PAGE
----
itor.) Replying to the letter in The
Oregonian written by a Dr. A. J. Craig
concerning the Isle of Pines. I beg to
state that the doctor. not only grossly
exaggerates everything, but has made
statements which he cannot prove. I
lived in the Isle of Pines six years and
know something of the conditions and
resources of the island. The doctor
was on the island less than one month.
It la needless for me to answer al of
his charges against the Island in de
tail, as the very tone and character of
his letter shows bitterness and re
venge which so many people resort to
when spiteful. The doctor has prob-
bly listened to the Havana hotel men
and real estate "sharks," who knock
the Isle of Pines in order to keep tour
ists and investors from going there:
they want them to remain in Cuba. If
the island "is not a fit place for a
white to live in." why is it that 95 per
cent of the population is Americans,
and they own 99 3-3 per cent of the
island? A large percentage of the peo
ple are wealthy and don't nave to stay
there If they don't like it
If the soil is no rood, bow is it tnat
they raise the finest grapefruit and
pineapples in the world and cannot
supply the demand in the Eastern mar
kets with their high-class fruit? The
Americans on the island are not all J
Tribute to the
Memory of a
fHE newspaper distribution now
tlL going on throughout the United
btates and Canada, of the song
collection called "Heart Songs," has
already made that book the most fa
mous of its kind in the world. The
several editions thus far reach the hun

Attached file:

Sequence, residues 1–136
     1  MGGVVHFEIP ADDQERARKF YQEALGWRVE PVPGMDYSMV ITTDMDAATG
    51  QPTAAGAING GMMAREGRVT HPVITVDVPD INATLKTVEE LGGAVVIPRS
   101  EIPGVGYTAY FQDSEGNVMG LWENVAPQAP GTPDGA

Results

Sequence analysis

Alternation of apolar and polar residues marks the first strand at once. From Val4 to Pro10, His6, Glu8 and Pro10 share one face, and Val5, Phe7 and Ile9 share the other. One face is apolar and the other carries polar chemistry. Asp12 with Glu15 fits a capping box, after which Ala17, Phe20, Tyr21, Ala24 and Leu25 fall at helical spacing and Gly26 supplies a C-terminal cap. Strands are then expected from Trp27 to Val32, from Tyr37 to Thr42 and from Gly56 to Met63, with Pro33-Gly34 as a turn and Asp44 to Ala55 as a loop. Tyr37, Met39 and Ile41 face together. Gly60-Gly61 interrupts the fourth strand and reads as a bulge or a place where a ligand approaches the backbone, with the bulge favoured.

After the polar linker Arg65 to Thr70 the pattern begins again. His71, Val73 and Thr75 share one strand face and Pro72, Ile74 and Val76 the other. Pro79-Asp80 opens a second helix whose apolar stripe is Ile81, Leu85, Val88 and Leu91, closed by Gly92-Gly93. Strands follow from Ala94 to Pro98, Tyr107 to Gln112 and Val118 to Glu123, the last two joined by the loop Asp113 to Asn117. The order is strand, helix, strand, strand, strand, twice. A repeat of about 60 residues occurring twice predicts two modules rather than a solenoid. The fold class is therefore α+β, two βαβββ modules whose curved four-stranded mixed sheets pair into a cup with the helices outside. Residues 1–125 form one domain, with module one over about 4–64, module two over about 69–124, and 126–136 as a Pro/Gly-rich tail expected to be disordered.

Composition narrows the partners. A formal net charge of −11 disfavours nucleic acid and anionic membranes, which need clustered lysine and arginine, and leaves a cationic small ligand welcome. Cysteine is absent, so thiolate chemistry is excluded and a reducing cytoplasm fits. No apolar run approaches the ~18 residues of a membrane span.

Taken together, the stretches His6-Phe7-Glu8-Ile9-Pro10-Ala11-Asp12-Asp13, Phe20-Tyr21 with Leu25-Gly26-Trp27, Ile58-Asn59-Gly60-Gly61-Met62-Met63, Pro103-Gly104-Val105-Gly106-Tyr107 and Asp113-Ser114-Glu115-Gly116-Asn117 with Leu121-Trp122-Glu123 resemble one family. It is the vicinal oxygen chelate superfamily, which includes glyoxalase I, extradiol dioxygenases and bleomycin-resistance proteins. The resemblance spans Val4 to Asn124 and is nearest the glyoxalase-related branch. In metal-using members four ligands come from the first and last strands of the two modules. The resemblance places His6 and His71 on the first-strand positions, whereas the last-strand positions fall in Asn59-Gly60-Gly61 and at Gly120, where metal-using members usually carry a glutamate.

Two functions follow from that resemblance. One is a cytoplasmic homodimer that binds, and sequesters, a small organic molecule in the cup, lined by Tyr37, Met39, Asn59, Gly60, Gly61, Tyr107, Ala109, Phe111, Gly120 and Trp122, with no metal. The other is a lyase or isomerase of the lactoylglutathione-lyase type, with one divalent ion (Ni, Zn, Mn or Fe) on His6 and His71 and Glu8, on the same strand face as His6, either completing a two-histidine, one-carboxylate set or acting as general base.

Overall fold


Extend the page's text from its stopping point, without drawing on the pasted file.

dreds of thousands, and will run well
into the millions before the campaign
is closed. The story of its first incep
tion in the brain of one man, its con
rrrtp realization, and its development
' through the years,reads like a romance.
rr But because it is true, it is stranger
' and more wonderful than any romance.
nee upon a time for it is only with these words that you can Degm
a a . 1 . 1 ' i 1 1 - X 11 I . Vvver
a really-truly story mere was a mue lamuy ox ium uruja
and a motner. i nese Doys were jum. jic nuy mci ium iv
full of fun, fond of adventure, brimming over with animal
spirits, in love with mischief and perhaps more susceptible to
' emptation, because the little red corpuscles that danced and
raced through their veins were just a little ruddier than common.
.Just like other boys you see only more so I
ut, their mother I Ah, there lay the difference. She was not just
like any other mother. Her boys worsmppea ner. Ana sac
hf snher. tmth-lovinrr. home-keepine. in
dustrious, God-fearing men. And of one of the ways in which
she did this we are going to tell you. She was a very busy
woman, with all her household cares, and her daily routine to pro
vide food, clothing, shelter, and education for her little brood.
But above all, she saw to it that her boys her Cornelian jewels
found home the best place in all the world. She was never
too busy too worried or weary, to deny them her evening hours.
Indeed, she was a marvel of a mother I
(7J round an old-fashioned square piano, a memento of better but not
brighter days they gathered every night and sang and played
together. No temptation on earth could pull those boys away .